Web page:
Chinese New Year and Thaipusam both fall in the first couple of months of the year, the first is celebrated by a large spring clean to sweep clear any bad luck. Lanterns, lights and lion dances may also adorn the street as part of the 15 day celebrations. Thaipusam is a Hindu festival and somewhat more unusual, involving the piercing of cheeks, lips, noses and other body by some worshippers. Pilgrims climb the 272 steps up to the Batu Caves, carrying kavadi, which are physical burdens which may range from brass jugs of milk or small pots with offerings, right up to large, portable alters.
Ka’amatan is the harvest festival held in Sabah on May 30-31 and celebrations involve buffalo racing, dancing and arm wrestling. In neighbouring Sarawak, Gawai festival falls on June 1-2 giving thanks for a bountiful harvest and is marked by the brewing of tuak, a traditional rice wine.
Guide to Food in Malaysia
Owing to its history as an intersection for international trade, Malaysia’s cuisine is unsurprisingly diverse coming together from a mixture of cultures from around the globe. As it is a tropical country, it has an abundance of ingredients and sweet tropical fruit. Extensive coastline and rivers means that seafood is also a staple in the local diet.
Flavours you are likely to encounter in Malaysian cooking include chillies, mint, coriander, lemongrass, curry leaves, turmeric, garlic and shallots. Sour is an important flavour with sour soups, curries and sambal, as well as lime and calamansi which are used as a dressing for salads.
Dried shrimp paste called belacan is another popular ingredient. Coconut is another and is used in curries as well as sweets.
Nasi Lemak is considered the national dish of Malaysia and is a rice dish cooked with coconut milk and a leaf called pandan (sometimes nicknamed Southeast Asian vanilla), and served with dried anchovies, peanuts, boiled egg, cucumber and chilli paste.
Another famous dish of the area is char kway teow, made from flat rice noodles in a sauce of chillis, soy sauce and shrimp paste, stir-fried with prawns, cockles, eggs and bean sprouts.
Laksa is a spicy sour noodle soup and there are regional variations throughout the country. Penang Laska or Asam Laksa is a hot and sour fish gravy with round rice noodles, pineapple, cucumber, mint leaves and vegetables. Contrastingly Sarawak Laksa is a spicy coconut soup served with rice vermicelli, strips of cooked egg, chicken and prawns and it is commonly served for breakfast.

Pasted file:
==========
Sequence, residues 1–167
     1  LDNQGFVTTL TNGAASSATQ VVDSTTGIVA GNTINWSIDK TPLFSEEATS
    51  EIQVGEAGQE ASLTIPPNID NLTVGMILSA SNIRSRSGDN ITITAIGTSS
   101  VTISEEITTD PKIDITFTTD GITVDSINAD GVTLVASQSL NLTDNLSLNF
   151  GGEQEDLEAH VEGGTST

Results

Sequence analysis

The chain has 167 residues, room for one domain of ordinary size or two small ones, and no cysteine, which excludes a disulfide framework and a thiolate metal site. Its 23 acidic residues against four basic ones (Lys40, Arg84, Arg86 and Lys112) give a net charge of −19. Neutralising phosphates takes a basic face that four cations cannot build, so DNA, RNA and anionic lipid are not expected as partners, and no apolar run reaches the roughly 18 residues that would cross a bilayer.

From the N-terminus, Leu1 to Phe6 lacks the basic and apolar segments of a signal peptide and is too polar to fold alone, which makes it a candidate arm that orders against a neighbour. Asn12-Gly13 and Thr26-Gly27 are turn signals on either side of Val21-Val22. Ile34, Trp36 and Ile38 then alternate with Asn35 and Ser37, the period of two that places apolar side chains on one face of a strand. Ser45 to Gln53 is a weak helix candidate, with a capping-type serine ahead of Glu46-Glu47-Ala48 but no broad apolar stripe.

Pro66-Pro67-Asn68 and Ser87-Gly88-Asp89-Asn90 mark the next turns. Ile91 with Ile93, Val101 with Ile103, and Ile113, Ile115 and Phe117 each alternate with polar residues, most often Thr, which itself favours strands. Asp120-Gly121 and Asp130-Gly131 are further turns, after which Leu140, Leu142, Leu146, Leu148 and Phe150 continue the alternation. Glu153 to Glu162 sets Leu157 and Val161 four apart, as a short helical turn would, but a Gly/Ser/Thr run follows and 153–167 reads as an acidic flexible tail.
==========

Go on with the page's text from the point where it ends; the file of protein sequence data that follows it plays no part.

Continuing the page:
Sweets, cakes and pastries are popular and commonly sold by street vendors in all shapes and forms. Kuih are bite-sized desert foods including ketayap which are rice flour pancakes with a sweet coconut filling and pulut panggang, glutinous rice and coconut or shrimp floss wrapped in banana leaves and grilled. Cendol is one of the most popular deserts made green, starchy jelly noodles, shaved ice, coconut milk and palm sugar syrup.
Top Attractions and Highlights in Malaysia
With Portuguese and Dutch influences, this historic town is a UNESCO World Heritage Site. It is known for its multiculturalism, owing to many years as a major port which has in turn influenced the local cuisine, with a mouth-watering blend of Eurasian flavours.
2. Cameron Highlands
Head for the hills to escape the heat and enjoy the misty alpine expanse of the highlands. Rolling tea plantations, small towns, waterfalls and hazy blue peaks characterise the landscape. Trekking and tea-tasting are two popular activities for travellers.
3. Sepilok Orang-utan Rehabilitation Centre
Borneo’s most famous inhabitants, the orang-utan sanctuary covers 40 square kilometres and is home to 60-80 orang-utans living free in the sanctuary and 25 orphaned young in the nurseries. Twice daily feedings allow the best opportunities to see the majestic primates.
4. Kinabalu National Park
The location of Malaysia’s highest mountain, the imposing granite shard that is Mt Kinabalu, Kinabalu National Park offers many hiking opportunities including the multiday summit of the peak. The area is a designated Centre of Plant Diversity and a World Heritage Site owing to the incredible botanical diversity including many different varieties of orchid.